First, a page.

THE BLOMQUISTS’ BASEMENT IS BASICALLY PEGGY’S BRAIN

When Todd took the press through the Blomquists’ house six months before the season two premiere, little information was known about Peggy’s story arc — though the producer explained that Peggy had dreams of getting out of Luverne, Minnesota, and that she had been hoarding fashion and travel magazines as a result of wanting of something more. The basement, she said, was Peggy’s brain.

By episode eight, when you see Peggy sitting on her basement stairs, surrounded by stacks of magazine and hallucinating that Dodd (Jeffrey Donovan) is presumably the mentor from the LifeSpring seminar, you understand exactly what Todd meant during the set tour. The chaos and clutter of Peggy’s brain is clearly delineated in the craziness of the basement — and it also becomes clear that the hoarding seen upstairs in previous episodes is just the tip of Peggy’s crazy iceberg. When the viewer shares Peggy’s unreliable point of view in the basement scene, it is the culmination of a series of clues already laid out by the set design that this is a woman on the brink of a breakdown.

“This was one of the most interesting set-decorating exercises I have ever seen people have to do,” Todd said about the basement. “They had to figure out how to pile magazines this high and not have them fall over, which was one thing. [And then there was] just the level of stuff — and to not make it look like a thrift shop, but to make it look like a specific character’s hoardings of the last 10 years.”


THE GERHARDT HOMESTEAD IS RICH WITH SYMBOLISM

Another important location this season is the Gerhardt homestead, which is both a working North Dakotan farm and also the headquarters for their crime syndicate. The best sets to juxtapose these two facets of the Gerhardt family are the large country kitchen, which looks like it could be the heart of any other farmhouse, and the parlor, where the family conducts business.

Within the parlor, a number of props give texture to the Gerhardts’ past, including photographs of young Hanzee, the Native American child who would grow up to be one of the family’s heavies (Zahn McClarnon), and the eldest Gerhardt, who died in the Korean War. Also visible in the parlor is the Gerhardts’ family logo which very deliberately evokes the Nazi party with its black symbol against a red background. “They wanted to look tough,” Todd said of the flag.

As with season one, animal imagery is everywhere this year, and the Gerhardt parlor is one of the places you’ll see it the most. Hunting and taxidermy usually symbolize predators and prey in the Coen brothers universe and the antlers and skins (not to mention Hanzee’s poor dead rabbit) this season reinforce the theme that the Gerhardts are both aggressors and prey.


THE SET CAPTURES THE LOOK OF THE COEN BROTHERS UNIVERSE

Animal imagery isn’t the only motif from the Coen brothers movies that permeate the Fargo TV show. The sets are also designed with the Coens’ love of symmetrical composition in mind.

“Symmetry is something that the Coen brothers often use,” Todd said. “You’ll see a shot of three people on a couch, framed with a window behind [them], and you’ll notice that the sets are built that way too. In all our pursuits to create the series, we’re not copying the Coen brothers’ movies, but we’re mindful of the aesthetic that they created that’s unique to them, and so that balance and symmetry is in our design and in our shooting — the lenses we use and the composition of the frame is always important to us. And, again, that comes from Noah and filters down through all of us who make any decisions that have to do with what goes on onscreen.”


Fargo airs Monday nights on FX at 10 p.m. and stars Kirsten Dunst, Patrick Wilson, Ted Danson, Jeffrey Donovan, Brad Garrett, Zahn McClarnon, Jean Smart, Nick Offerman, Jesse Plemons, Rachel Keller, and Cristin Milioti.  Season two is currently Certified Fresh at 100 percent; read reviews here.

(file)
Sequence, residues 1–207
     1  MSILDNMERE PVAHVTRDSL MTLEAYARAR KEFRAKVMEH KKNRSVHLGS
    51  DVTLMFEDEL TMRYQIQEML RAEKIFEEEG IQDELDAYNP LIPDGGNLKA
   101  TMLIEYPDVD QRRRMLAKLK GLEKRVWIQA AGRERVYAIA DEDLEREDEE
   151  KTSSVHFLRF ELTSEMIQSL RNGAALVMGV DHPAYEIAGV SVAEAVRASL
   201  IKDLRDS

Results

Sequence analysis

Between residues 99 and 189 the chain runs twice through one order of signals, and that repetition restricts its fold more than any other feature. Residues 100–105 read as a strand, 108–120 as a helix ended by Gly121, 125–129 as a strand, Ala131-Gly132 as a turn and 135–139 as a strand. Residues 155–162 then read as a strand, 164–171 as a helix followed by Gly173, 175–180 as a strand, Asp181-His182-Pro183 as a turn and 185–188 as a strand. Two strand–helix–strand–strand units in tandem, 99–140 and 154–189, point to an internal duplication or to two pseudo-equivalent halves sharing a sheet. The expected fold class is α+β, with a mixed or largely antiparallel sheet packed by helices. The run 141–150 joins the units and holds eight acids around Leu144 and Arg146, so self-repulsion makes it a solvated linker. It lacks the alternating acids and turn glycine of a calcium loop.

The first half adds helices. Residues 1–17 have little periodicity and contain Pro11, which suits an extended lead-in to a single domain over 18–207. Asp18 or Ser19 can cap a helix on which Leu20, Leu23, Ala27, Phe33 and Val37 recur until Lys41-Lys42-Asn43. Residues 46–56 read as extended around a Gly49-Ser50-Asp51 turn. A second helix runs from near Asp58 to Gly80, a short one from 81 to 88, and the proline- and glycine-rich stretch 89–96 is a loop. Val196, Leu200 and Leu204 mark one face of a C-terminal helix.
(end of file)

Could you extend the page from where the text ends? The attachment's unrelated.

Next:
Tag Cloud

war American Society of Cinematographers President franchise CNN laika FXX TV renewals renewed TV shows sag awards directors Quiz richard e. Grant Pop biography zero dark thirty criterion football 72 Emmy Awards 2016 archives OneApp canceled indie Pride Month Rocketman Watching Series Paramount RT21 TNT Fall TV a nightmare on elm street Podcast Food Network cancelled festivals Sneak Peek 45 critics Ghostbusters Shondaland Shudder Dark Horse Comics Funimation Opinion E! Reality TIFF mockumentary Hear Us Out The Witch Best and Worst singing competition TV all-time cancelled television Reality Competition crossover child's play Cosplay Fox Searchlight rt archives halloween game of thrones historical drama comic Syfy Spectrum Originals 24 frames Writers Guild of America harry potter fast and furious Rom-Com BET adventure spanish language animated Rock christmas movies Western WGN book Animation crime drama tv talk Starz Thanksgiving VOD First Look transformers zombie Red Carpet fresh ITV Creative Arts Emmys nbcuniversal ratings reboot cops breaking bad crime disaster diversity DC Universe Lucasfilm Sundance Now 71st Emmy Awards TCM theme song 007 Ellie Kemper Chilling Adventures of Sabrina Tubi Cannes NBC period drama Women's History Month Disney The CW Hulu boxing Video Games Schedule San Diego Comic-Con CBS dragons BBC One crime thriller worst movies stand-up comedy MTV dceu latino reviews Awards HBO Max Horror sitcom Family Unbreakable Kimmy Schmidt Infographic IFC Bravo Brie Larson Martial Arts stop motion Set visit MCU 2020 Song of Ice and Fire Winter TV 99% anime Winners Kids & Family YouTube Red doctor who cancelled TV shows Stephen King E3 Mary poppins VH1 Music 2018 Travel Channel LGBT ESPN travel Television Academy movie aliens werewolf Turner Marathons toy story Acorn TV FX Trophy Talk Extras Baby Yoda cancelled TV series comic books TCA 2017 Comedy FX on Hulu TV Land Amazon Studios game show AMC Super Bowl quibi composers name the review Apple TV+ best Binge Guide The Walking Dead 2017 Year in Review adaptation docudrama Valentine's Day Netflix Christmas movies Tarantino zombies james bond Freeform Tumblr sequel discovery robots Black History Month DGA rotten movies we love cats cars Black Mirror screen actors guild south america true crime Awards Tour Countdown cooking thriller nfl DC Comics supernatural comedies El Rey Lifetime die hard worst blockbuster USA Anna Paquin parents Arrowverse comics Photos Masterpiece TCA Country toronto Character Guide classics films Interview ghosts BAFTA dc History hispanic X-Men Toys police drama Mudbound Academy Awards Polls and Games obituary teaser japanese satire mission: impossible jamie lee curtis See It Skip It kids HBO Go CBS All Access dramedy Comics on TV Alien asian-american slashers space Netflix Teen strong female leads Sundance TV Comic Book Turner Classic Movies joker based on movie BBC America justice league Amazon Prime Video The Arrangement blaxploitation black cinemax IFC Films PaleyFest video on demand facebook cults award winner political drama Holidays Film Festival PlayStation Star Trek Spring TV politics movies nature medical drama natural history series Grammys Marvel Elton John FOX Ovation casting 20th Century Fox serial killer Epix Nominations Discovery Channel unscripted emmy awards Musical Trailer festival First Reviews chucky Action vampires talk show Fantasy scorecard LGBTQ romance Pop TV Spike Universal television ABC Star Wars hist screenings Disney Plus Cartoon Network 4/20 witnail ABC Family deadpool USA Network what to watch binge Britbox New York Comic Con 21st Century Fox Disney Channel cartoon Oscars VICE social media Lionsgate batman Apple Sci-Fi spider-man anthology Fox News australia halloween tv TBS Film Mary Poppins Returns dark TCA Winter 2020 GLAAD italian Tomatazos spain Christmas Comedy Central Mystery Emmy Nominations Nickelodeon Disney streaming service twilight independent NYCC WarnerMedia elevated horror Premiere Dates french A24 venice indiana jones superhero GIFs BBC miniseries Biopics DirecTV Heroines Election Certified Fresh streaming foreign Showtime Musicals Lifetime Christmas movies technology Hallmark Marvel Television Amazon Prime concert spanish scary movies comiccon YouTube ID Classic Film psychological thriller Paramount Network documentary romantic comedy SundanceTV SDCC Trivia HBO YA sequels universal monsters spy thriller Crunchyroll Warner Bros. rotten canceled TV shows documentaries Sony Pictures MSNBC APB TLC Mindy Kaling Logo TruTV National Geographic Avengers Crackle remakes mutant Endgame dogs 2015 Superheroe Drama Hallmark Christmas movies Marvel Studios Nat Geo Columbia Pictures GoT CMT Walt Disney Pictures Disney+ Disney Plus DC streaming service Chernobyl RT History Peacock Emmys The Academy Pirates free movies Adult Swim CW Seed news PBS golden globes video Apple TV Plus YouTube Premium Box Office Amazon finale The Purge Television Critics Association Captain marvel Holiday 2019 hollywood psycho SXSW Superheroes OWN Pixar stoner A&E Mary Tyler Moore TCA Awards Esquire versus Vudu Rocky Calendar science fiction boxoffice revenge children's TV Pet Sematary BET Awards Summer spinoff Sundance sports green book